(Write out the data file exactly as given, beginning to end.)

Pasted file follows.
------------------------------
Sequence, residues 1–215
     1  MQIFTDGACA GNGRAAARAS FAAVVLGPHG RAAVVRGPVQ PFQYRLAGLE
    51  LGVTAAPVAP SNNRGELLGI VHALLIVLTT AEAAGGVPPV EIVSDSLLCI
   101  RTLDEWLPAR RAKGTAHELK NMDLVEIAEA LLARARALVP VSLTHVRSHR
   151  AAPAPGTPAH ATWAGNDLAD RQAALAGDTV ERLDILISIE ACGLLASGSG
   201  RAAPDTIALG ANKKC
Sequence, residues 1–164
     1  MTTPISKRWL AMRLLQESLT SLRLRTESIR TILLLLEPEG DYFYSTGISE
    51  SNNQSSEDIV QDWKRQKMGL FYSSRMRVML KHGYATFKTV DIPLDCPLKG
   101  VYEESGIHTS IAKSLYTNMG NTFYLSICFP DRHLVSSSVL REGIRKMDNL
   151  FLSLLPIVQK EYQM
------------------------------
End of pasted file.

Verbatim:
Sequence, residues 1–215
     1  MQIFTDGACA GNGRAAARAS FAAVVLGPHG RAAVVRGPVQ PFQYRLAGLE
    51  LGVTAAPVAP SNNRGELLGI VHALLIVLTT AEAAGGVPPV EIVSDSLLCI
   101  RTLDEWLPAR RAKGTAHELK NMDLVEIAEA LLARARALVP VSLTHVRSHR
   151  AAPAPGTPAH ATWAGNDLAD RQAALAGDTV ERLDILISIE ACGLLASGSG
   201  RAAPDTIALG ANKKC
Sequence, residues 1–164
     1  MTTPISKRWL AMRLLQESLT SLRLRTESIR TILLLLEPEG DYFYSTGISE
    51  SNNQSSEDIV QDWKRQKMGL FYSSRMRVML KHGYATFKTV DIPLDCPLKG
   101  VYEESGIHTS IAKSLYTNMG NTFYLSICFP DRHLVSSSVL REGIRKMDNL
   151  FLSLLPIVQK EYQM